We alighted in the small lake ‘island’ of Flores early on in the evening with tour operators trying to sell us tours, and drivers telling us that bank machines were closed and to use other ones that only they know. Luckily we had been warned of the pre-alighting sales blurb and falsities that are thrown at you when Gringos arrive at any towns in the vicinity of Tikal, and so it was that we found ourselves with some travelling friends at the great Los Amigos Hostel ordering a beer, and booking ourselves onto the next days Tikal Sunrise Tour.
With Tikal being over an hour away from Flores however, and with sunrise wanting to be viewed from the tallest of the ancient Mayan temples – Temple IV – also around an hour’s walk from the park entrance, the sunrise tour starts from the hostel at the ungodly hour of 3am.
The bathroom was unsurprisingly empty as we brushed our teeth, and with perfect timing we walked to the front door and were quickly whisked onto the small bumpy collectivo that was to be our ride to the park entrance. Intermittent sleep and non-conversation was had by all and before we knew it we jumped off the bus into the world famous park, to be greeted by Mayan rain.
However, not to be deterred, head torches and rain jackets were donned and our guide took us round the sites briskly and efficiently as the rain slowly ceased and the dark slowly lifted. 45 minutes later and we were all climbing the steep steps of Temple IV to sit upon the steps of a temple from a different era overlooking the forest canopy.
We were not to have a perfect sunrise, far from it; grey clouds were moving slowly across the horizon as well as close by, flowing over the temples, hills and trees as though liquid, but we could see the other temples, howler monkeys were waking up with their auspicious guttural calls, and light was slowly enveloping the site. As we all sat there in silence for an hour in an almost meditative state, letting nature and the mystical beauty of the site take over the senses, it once again came upon me how the ethereal power of the Mayan Temples WE could see easily, create a sense of godlike powers from the rulers who surveyed from upon high. There is some core intrinsic human instinct that links height with power, and the Mayans seemed to harness this feeling, building their temples higher and more auspicious with each new building.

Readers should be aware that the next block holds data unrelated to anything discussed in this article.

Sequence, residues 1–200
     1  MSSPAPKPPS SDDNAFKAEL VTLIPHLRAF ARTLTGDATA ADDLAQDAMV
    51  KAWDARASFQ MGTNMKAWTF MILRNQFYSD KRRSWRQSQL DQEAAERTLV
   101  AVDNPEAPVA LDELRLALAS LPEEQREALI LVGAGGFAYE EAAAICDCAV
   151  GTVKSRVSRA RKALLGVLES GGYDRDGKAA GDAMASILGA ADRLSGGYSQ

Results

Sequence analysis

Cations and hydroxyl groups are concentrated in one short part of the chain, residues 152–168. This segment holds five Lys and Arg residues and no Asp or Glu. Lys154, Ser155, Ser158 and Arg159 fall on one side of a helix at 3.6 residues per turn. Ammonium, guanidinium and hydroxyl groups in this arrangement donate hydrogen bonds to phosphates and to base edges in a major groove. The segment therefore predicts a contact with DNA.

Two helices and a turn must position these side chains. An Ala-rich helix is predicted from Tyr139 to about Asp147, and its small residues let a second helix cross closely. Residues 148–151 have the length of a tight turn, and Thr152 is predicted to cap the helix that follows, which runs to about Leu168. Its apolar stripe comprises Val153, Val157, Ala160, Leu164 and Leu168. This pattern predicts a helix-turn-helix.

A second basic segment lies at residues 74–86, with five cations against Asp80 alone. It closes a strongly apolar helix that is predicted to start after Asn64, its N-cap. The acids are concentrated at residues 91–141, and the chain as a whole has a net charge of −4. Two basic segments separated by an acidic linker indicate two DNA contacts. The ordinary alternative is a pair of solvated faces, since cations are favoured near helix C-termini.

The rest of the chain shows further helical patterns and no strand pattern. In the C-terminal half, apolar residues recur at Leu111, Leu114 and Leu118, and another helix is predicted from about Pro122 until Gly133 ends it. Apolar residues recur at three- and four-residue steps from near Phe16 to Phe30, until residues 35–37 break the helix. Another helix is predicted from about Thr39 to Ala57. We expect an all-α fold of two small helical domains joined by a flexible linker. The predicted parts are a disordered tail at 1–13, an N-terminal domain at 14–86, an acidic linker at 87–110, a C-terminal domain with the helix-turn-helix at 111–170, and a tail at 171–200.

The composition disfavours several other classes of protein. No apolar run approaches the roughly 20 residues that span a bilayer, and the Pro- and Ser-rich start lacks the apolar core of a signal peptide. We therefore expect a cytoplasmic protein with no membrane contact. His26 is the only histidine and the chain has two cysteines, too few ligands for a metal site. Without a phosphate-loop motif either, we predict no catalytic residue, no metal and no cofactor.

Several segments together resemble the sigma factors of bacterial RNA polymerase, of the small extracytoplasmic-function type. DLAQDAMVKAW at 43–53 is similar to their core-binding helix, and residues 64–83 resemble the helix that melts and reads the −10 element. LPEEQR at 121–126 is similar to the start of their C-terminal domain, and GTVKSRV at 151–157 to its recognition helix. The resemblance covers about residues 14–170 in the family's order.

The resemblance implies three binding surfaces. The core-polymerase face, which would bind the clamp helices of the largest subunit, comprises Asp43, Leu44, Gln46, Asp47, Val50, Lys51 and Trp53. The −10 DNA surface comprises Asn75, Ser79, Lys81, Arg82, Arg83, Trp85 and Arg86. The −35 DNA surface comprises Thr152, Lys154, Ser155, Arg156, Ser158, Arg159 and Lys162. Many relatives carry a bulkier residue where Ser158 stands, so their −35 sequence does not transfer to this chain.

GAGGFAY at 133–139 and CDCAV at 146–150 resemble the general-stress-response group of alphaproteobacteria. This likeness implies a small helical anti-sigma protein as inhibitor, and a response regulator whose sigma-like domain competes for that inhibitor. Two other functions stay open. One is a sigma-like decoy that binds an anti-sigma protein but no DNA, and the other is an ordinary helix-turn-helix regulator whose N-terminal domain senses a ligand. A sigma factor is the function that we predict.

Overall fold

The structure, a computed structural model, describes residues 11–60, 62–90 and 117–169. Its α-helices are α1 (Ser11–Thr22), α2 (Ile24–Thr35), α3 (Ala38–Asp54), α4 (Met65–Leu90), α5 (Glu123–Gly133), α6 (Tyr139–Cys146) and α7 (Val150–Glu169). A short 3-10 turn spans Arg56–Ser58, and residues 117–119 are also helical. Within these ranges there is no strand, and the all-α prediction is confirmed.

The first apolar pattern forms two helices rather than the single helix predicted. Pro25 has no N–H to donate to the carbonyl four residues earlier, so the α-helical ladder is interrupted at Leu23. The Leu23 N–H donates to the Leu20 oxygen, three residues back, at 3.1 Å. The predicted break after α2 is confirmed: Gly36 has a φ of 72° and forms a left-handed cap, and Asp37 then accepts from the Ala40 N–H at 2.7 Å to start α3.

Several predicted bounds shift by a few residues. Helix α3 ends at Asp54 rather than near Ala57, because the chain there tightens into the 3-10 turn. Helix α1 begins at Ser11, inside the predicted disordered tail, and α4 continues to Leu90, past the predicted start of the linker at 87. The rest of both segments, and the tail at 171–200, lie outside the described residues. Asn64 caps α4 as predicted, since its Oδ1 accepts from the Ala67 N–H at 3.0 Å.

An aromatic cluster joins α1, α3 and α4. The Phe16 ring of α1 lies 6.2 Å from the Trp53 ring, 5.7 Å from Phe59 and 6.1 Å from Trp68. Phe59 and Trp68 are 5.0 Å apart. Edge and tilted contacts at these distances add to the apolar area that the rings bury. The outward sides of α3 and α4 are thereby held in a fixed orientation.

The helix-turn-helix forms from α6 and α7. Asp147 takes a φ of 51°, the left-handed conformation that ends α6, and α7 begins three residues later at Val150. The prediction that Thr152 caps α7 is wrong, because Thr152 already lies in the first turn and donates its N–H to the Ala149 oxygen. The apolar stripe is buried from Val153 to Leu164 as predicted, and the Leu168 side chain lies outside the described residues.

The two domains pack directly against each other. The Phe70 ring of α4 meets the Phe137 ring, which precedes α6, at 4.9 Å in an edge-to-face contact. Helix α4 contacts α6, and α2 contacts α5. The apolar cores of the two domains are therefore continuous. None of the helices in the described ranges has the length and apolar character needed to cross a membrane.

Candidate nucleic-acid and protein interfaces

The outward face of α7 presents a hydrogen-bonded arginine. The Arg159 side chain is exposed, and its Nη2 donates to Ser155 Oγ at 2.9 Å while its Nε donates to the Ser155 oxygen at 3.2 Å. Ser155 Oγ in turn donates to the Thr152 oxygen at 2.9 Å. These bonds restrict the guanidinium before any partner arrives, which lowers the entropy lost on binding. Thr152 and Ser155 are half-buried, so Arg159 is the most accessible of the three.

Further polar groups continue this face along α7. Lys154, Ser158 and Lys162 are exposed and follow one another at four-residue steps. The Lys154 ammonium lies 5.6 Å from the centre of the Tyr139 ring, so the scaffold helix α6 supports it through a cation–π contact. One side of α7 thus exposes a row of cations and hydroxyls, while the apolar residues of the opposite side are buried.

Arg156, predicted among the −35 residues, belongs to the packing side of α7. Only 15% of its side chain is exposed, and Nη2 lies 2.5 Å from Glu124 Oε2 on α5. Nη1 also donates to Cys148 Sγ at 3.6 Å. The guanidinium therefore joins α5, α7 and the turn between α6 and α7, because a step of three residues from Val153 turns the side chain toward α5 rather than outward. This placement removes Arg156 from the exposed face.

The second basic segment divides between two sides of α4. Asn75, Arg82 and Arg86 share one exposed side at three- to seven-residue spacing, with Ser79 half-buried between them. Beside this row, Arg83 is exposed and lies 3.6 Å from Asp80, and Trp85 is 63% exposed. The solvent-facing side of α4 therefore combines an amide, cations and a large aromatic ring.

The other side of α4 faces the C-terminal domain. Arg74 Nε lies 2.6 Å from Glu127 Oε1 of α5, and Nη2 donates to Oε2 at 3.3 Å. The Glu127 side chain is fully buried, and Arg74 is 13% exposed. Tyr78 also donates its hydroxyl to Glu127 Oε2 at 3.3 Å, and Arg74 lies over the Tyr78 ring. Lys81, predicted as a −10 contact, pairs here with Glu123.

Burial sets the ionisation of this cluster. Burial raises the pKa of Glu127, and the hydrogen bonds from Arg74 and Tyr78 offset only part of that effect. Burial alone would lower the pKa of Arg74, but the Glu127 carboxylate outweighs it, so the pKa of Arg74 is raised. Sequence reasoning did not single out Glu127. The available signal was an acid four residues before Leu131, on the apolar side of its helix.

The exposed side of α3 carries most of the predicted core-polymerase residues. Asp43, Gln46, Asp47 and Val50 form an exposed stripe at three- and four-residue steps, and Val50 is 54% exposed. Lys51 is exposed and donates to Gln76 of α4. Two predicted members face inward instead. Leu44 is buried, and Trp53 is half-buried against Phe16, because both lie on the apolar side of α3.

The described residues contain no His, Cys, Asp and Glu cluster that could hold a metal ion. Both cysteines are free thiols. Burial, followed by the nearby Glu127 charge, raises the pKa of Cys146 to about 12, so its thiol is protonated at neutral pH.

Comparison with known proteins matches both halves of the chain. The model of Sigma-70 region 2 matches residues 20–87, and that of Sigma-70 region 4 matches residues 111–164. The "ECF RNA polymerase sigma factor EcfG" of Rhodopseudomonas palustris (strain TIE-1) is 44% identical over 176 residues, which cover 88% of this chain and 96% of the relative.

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Our guide led us back down when everyone was ready, and took us around the rest of the complex. Arriving at such an early pre-dawn hour also gave us the added bonus of having nearly the whole park to ourselves, and for the next 2-3 hours we went around the various temples, learning the history, the rulers and the reasons.
We viewed the copious amounts of wildlife in the park while wandering past the Lost World Pyramid in the Mundo Perdido complex; spider monkeys, tarantulas, wild toucans, white nosed coatis and peacocks, before being shown to the photogenic Temple I, Temple II and the surrounding Main Plaza and North Acropolis.
Temple I, rising 47m from the ground, the most photographed of all the Tikal temples, along with Temple II that sits opposite, were built for a husband and wife who ruled the city from 682 AD to 734 AD. Standing in the middle you can clap your hands and the echo created by the stone edifices create a remarkably accurate sound of the Quetzal bird (the national bird of Guatemala). One of the many remarkable accomplishments of this amazing culture.
After another hour of wandering, photographing and exploring we all met back up as a group and wandered lazily past the copious amount of tourists that were just entering the park, before settling at a small comida for some warming breakfast.
It had a been a great morning; the ruins, structures, history and nature had definitely been worth the early morning, yawn-inducing rise. Sitting atop a Mayan temple, watching the forest come to life as clouds lazily drifted over the canopy was a highlight, but the scale and grandiosity of the site was beyond what I had originally envisioned. With over 100,000 people thought to have lived in the city during its peak, it was no surprise that the UNESCO protected park was hard to take in in its entirety, but the 8 hours we did have to explore certainly threw enough at me for a day’s worth of sightseeing.
We trundled back to Flores by lunch and quickly had some much needed power nap time. Han and I headed off on a 6 loop run of Flores later in the evening, much to the amusement of the local police who watches us pass 6 times, in a somewhat needed attempt to put some miles under our belt if we were to even think of doing the Lago de Aititlan Marathon a couple of weeks later. We wandered around the streets tasting and testing the local street food, before once again moving on the next day further South in the direction of Semuc Champey.
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